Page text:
Stalking in the first degree in New York occurs when an individual, 1) commits stalking in the either the second or third-degree and in so doing either:
- Intentionally or recklessly causes physical injury to the victim; or
- Commits a cognizable class A or E misdemeanor.
Generally speaking, and outside of the stalking statutes’ relation to one another, the New York Penal Laws’ harassment provisions (New York Penal Law §§ 240.21- 240.32) are closely related to and are sometimes coincidentally charged alongside, stalking offenses.
Harassment occurs in either the first or second-degree, and each degree has an ‘aggravated’ and separate provision where the harassment is motivated by animus toward one or more protected classes in the law. In general, harassment offenses require less of a systematic and particularized intent as compared to the stalking statutes.
Case Law on Stalking
As stated earlier, and particularly with respect to fourth-degree stalking, the statutory language regarding what constitutes stalking is less than perfectly clear. This has led defendants charged with fourth-degree stalking to question, among other things, the constitutionality of the statute.
- For example:
In the People v. Paul Stuart, 2003 NY Int. 101 (2003), the defendant argued that the statutory language “no legitimate purpose” did not provide clear guidance as to what would constitute a legitimate purpose.
And because it was not clear from the statutory language what conduct is prohibited, it neither allowed people to conform their behavior to the law nor constrained officials from using the statute to pursue arbitrary prosecutions. The court in considering the defendant’s argument stated that “it is axiomatic that a prescriptive law must provide people with reasonable notice of the conduct it prohibits.”
To determine whether the New York Penal Law § 120.45 was violated, the court needed to consider the following:
- Whether § 120.45 was “sufficiently specific to give a person of ordinary intelligence fair notice that his contemplated conduct is forbidden by statue, and
- Whether “the enactment provides clear standards for enforcement.” The court answered both questions in the affirmative and ruled against the defendant. In doing so, the court primarily considered the actions of the defendant, which included multiple and clearly unwanted interactions with the victim, and which clearly could be said to place a reasonable person in apprehension of harm.
Nevertheless, other fact patterns of lesser severity could perhaps raise a more serious challenge to the constitutionality of the wording of § 120.45.
- For example:
As stated in an earlier section of this article, where you may have had only one or two interactions with the person filing a complaint, it may be the case that you were not yet clearly put on notice that the course of conduct complained of was unwelcome.
Similarly, where you do have a legitimate purpose of being in contact with another person, a stalking charge may be easier to defend against. In both these cases, the conduct and circumstances are such that the vague wording of the statutes could perhaps be shown to be unjust as applied to your course of conduct.
Possible legal penalties under the stalking statutes correlate with the class of felony or misdemeanor each is associated with.
- For example:
The penalty for a Class-D violent felony, which is what stalking in the first degree is considered, is 2-7 years in prison. Of course, other, associated charges can and usually will be present in any case were stalking in the first-degree is charged. At the other end of the spectrum, fourth-degree stalking is a Class-B misdemeanor and carries a penalty of up to 90 days in jail.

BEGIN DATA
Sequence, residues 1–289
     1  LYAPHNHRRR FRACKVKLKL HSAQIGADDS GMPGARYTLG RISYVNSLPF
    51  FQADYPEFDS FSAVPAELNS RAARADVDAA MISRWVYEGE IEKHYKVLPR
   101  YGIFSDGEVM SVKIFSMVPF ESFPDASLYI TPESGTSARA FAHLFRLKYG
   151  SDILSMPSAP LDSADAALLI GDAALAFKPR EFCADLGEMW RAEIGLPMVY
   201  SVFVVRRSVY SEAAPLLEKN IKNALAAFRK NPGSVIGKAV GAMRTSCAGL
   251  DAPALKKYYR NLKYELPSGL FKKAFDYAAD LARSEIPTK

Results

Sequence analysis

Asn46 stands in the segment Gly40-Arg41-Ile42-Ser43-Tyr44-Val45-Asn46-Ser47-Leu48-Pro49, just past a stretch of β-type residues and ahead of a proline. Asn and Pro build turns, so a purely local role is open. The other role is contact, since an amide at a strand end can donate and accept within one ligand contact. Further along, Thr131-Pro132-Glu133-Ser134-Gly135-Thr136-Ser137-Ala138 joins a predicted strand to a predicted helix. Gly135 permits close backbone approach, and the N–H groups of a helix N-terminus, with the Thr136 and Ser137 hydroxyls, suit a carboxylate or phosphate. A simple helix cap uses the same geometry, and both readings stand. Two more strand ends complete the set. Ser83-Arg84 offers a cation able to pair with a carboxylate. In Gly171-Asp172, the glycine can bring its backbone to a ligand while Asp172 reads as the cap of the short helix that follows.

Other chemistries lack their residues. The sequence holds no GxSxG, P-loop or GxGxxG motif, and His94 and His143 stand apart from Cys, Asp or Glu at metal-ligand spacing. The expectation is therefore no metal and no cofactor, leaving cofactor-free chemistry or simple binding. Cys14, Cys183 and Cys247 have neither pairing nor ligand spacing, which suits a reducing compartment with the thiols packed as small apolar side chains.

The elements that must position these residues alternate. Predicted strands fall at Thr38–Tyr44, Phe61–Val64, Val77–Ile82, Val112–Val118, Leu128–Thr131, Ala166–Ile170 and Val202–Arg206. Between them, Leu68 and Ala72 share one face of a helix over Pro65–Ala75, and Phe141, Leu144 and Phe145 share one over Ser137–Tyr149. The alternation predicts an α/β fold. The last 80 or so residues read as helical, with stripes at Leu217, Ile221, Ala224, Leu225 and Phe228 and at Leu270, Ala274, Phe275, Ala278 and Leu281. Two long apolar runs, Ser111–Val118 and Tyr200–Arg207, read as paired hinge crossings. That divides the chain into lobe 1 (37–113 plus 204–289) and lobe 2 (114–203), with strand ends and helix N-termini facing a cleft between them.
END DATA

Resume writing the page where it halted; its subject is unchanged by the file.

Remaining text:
Here too it is important to note both that additional charges can and usually will accompany a charge of fourth-degree stalking, and that more than once stalking charge can be made where more than one incident took place.
That was what happened in the Stuart case, mentioned above, where the defendant was charged with two counts of fourth-degree stalking, and one count first-degree harassment. Moreover, remember that if you have previously been convicted of either stalking or another cognizable crime, the degree of your stalking charge may be elevated to a higher degree.
Possible defenses to a stalking charge of whatever degree can be made where there is a question as to whether the course of conduct served “no legitimate purpose,” as well as where there is a legitimate question as to the severity of the conduct in question and to the intention of the person being accused of the crime.
- For example:
Prosecutors must show not only that the accused engaged in the course of conduct, but that the accused intended that course of conduct to be harassing or worrisome in nature.
While it’s true that the statutes use a reasonability standard with respect to how a course of conduct may be perceived, it is still the case that the statute requires, as most all criminal statutes do, a bad intention on the part of the accused.
Finally, the phrase “course of conduct” itself presupposes more than one instance of behavior, and arguably more than two or three isolated instances of behavior. Depending on the circumstances involved and the particular statute under which you may be charged, it may be useful to litigate the threshold issue of whether a “course of conduct” was engaged in at all.
Getting the Help You Need
If you have been charged with stalking in any of the cognizable degrees under the New York Penal Law, this is no time to be without an experienced and expert New York attorney to handle your case. As discussed, the penalties for a conviction under any of the applicable charges are significant, with serious consequences for you and your loved ones.
The New York criminal justice system is no place to be without a steady and experienced guide, to answer your questions and to fight for your rights under the law. You owe it to yourself, and your loved ones, to retain experienced and expert counsel to protect your interests.